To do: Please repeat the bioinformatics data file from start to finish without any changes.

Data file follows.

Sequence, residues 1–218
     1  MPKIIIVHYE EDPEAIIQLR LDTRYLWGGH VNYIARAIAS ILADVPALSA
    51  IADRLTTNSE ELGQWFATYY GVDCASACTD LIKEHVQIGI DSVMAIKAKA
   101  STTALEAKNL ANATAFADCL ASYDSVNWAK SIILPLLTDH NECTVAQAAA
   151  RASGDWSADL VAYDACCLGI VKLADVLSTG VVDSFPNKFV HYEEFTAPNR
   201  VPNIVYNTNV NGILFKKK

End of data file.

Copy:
Sequence, residues 1–218
     1  MPKIIIVHYE EDPEAIIQLR LDTRYLWGGH VNYIARAIAS ILADVPALSA
    51  IADRLTTNSE ELGQWFATYY GVDCASACTD LIKEHVQIGI DSVMAIKAKA
   101  STTALEAKNL ANATAFADCL ASYDSVNWAK SIILPLLTDH NECTVAQAAA
   151  RASGDWSADL VAYDACCLGI VKLADVLSTG VVDSFPNKFV HYEEFTAPNR
   201  VPNIVYNTNV NGILFKKK